Two-Handed NYT Coverage Of Social Media In Egypt

Sunday’s New York Times is its own compare-and-contrast exercise regarding the power of social media to “[fuel] the fires of the Egyptian protests.”

In the news pages, there’s this report:

Anger and a Facebook Page That Gave It Voice

It started with Khaled Said being beaten to death by Egyptian police, reportedly because he had evidence of police corruption. From the Times piece:

Within five days of his death, an anonymous human rights activist created a Facebook page — We Are All Khaled Said— that posted cellphone photos from the morgue of his battered and bloodied face, and YouTube videos played up contrasting pictures of him happy and smiling with the graphic images from the morgue. By mid-June, 130,000 people joined the page to get and share updates about the case.

It became and remains the biggest dissident Facebook page in Egypt, even as protests continue to sweep the country, with more than 473,000 users, and it has helped spread the word about the demonstrations in Egypt, which were ignited after a revolt in neighboring Tunisia toppled the government there.

Here, on the other hand, is what Frank Rich has to say in his Sunday column:

Among cyber-intellectuals in America, a fascinating debate has broken out about whether social media can do as much harm as good in totalitarian states like Egypt.

[snip]

This provocative debate isn’t even being acknowledged in most American coverage of the Internet’s role in the current uprisings. The talking-head invocations of Twitter and Facebook instead take the form of implicit, simplistic Western chauvinism. How fabulous that two great American digital innovations can rescue the downtrodden, unwashed masses. That is indeed impressive if no one points out that, even in the case of the young and relatively wired populace of Egypt, only some 20 percent of those masses have Internet access.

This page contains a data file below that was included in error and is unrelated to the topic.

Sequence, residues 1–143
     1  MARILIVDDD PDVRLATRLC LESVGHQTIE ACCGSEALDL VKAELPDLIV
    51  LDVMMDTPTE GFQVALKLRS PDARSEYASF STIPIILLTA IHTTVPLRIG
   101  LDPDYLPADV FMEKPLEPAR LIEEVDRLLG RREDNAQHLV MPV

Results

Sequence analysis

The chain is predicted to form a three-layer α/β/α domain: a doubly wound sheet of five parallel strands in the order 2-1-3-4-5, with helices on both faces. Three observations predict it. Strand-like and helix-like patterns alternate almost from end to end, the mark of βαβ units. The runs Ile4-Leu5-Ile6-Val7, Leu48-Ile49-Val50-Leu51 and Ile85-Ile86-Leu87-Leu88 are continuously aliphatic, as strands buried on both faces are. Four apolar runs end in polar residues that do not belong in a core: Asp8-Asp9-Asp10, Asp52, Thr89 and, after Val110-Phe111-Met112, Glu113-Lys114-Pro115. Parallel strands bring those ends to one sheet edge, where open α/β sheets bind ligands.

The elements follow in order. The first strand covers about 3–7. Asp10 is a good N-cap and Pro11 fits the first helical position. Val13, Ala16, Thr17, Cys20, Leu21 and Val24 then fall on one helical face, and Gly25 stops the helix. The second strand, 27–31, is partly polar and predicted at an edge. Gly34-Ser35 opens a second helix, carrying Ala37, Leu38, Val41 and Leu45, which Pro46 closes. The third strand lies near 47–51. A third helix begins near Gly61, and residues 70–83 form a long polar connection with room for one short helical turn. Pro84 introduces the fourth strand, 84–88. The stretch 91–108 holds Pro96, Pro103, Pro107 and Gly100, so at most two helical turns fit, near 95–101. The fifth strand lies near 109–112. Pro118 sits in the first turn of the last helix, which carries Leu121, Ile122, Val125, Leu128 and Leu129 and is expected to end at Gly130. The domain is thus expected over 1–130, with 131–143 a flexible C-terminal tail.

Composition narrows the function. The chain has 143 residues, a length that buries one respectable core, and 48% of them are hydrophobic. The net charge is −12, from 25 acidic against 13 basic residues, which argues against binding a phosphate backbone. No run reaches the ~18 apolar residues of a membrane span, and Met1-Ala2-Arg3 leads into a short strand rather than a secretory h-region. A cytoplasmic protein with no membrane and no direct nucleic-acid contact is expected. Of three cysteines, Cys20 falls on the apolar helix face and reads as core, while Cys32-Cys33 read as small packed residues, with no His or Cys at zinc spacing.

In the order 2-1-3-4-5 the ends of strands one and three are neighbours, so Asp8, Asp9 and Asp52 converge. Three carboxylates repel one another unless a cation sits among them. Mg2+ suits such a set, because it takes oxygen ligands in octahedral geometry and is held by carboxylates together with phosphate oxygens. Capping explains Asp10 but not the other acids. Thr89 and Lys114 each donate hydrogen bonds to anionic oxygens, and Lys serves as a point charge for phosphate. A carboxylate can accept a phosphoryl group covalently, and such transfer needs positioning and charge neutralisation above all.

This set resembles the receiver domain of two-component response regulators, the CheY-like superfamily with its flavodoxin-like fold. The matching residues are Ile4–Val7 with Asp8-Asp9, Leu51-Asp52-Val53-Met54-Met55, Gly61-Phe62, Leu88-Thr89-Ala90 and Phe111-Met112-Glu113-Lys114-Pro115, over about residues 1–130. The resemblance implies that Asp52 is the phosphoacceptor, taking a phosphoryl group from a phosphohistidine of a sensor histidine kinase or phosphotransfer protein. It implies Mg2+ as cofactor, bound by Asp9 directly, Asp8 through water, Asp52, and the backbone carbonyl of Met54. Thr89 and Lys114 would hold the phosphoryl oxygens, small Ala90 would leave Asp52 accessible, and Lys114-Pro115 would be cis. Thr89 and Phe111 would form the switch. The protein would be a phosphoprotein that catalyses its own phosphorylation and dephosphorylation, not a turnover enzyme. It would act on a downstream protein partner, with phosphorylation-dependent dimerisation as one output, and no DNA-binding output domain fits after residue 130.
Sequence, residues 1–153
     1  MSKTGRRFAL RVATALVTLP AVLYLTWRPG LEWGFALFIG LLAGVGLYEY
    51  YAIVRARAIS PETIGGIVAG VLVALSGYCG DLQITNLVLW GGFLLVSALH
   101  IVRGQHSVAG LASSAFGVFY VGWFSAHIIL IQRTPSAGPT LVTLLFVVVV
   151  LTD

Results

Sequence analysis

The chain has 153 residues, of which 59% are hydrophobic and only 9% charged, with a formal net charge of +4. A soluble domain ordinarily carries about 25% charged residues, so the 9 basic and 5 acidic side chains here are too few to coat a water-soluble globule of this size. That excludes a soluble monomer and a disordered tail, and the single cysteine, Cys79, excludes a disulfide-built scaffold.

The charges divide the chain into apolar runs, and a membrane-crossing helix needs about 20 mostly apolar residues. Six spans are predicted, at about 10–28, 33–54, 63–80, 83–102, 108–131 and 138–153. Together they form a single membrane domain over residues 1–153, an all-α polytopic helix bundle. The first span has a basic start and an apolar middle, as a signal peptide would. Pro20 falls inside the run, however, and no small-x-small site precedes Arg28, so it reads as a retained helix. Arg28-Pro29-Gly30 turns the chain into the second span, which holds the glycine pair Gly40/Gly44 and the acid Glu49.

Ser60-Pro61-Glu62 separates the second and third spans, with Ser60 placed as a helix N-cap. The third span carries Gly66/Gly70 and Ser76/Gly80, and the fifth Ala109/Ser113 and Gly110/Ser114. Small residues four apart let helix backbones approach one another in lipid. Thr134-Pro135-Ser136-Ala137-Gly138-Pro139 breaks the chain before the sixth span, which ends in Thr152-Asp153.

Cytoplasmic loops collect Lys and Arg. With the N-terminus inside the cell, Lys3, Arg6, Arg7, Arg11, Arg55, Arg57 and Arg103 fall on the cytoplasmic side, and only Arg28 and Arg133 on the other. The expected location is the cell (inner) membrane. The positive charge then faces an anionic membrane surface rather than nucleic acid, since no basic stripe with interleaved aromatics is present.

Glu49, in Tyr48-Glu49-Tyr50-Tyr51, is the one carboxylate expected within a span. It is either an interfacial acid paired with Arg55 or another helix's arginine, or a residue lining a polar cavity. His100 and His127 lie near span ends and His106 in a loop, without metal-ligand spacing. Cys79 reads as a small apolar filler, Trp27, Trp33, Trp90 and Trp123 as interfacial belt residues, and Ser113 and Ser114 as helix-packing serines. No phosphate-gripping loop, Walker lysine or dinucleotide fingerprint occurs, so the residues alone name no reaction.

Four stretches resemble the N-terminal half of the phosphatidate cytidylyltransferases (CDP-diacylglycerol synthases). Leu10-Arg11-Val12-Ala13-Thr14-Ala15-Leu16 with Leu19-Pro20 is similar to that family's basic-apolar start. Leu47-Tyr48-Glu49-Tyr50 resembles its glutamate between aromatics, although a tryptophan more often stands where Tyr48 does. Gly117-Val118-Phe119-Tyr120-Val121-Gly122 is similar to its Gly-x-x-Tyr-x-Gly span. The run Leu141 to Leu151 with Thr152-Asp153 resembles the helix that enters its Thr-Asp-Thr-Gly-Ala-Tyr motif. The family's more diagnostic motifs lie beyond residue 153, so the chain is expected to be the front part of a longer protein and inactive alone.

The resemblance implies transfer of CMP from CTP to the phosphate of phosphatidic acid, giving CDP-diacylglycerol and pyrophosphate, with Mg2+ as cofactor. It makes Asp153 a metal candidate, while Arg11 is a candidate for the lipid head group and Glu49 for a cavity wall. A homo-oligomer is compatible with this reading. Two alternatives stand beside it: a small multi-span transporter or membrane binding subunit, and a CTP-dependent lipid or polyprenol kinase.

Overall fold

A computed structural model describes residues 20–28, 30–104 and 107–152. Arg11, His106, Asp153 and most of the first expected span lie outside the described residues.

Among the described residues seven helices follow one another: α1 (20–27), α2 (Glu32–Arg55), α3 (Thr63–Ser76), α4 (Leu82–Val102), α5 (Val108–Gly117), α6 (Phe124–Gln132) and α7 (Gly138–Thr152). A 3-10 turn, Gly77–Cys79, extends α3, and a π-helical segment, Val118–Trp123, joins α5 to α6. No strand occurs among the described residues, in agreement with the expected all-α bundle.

Rich says elsewhere that social media “do play a role in organizing, publicizing and empowering participants in political movements in the Middle East and elsewhere.”

Just not a very important one.

This compare-and-contrast is not to call for a one-handed Times. Just interesting to observe occasions where the right hand doesn’t agree with what the left hand is saying.

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1 Response to Two-Handed NYT Coverage Of Social Media In Egypt

  1. CAvard says:

    Argh…. This is what aggravates me. What’s happening in Egypt is NOT a Twitter revolution. Can the media stop saying this? This is an Egyptian democratic uprising. A revolution? Not yet. I don’t think it’s reached that capacity. But here’s a good explanation why Twitter and Facebook is an activist tool, not a revolution.

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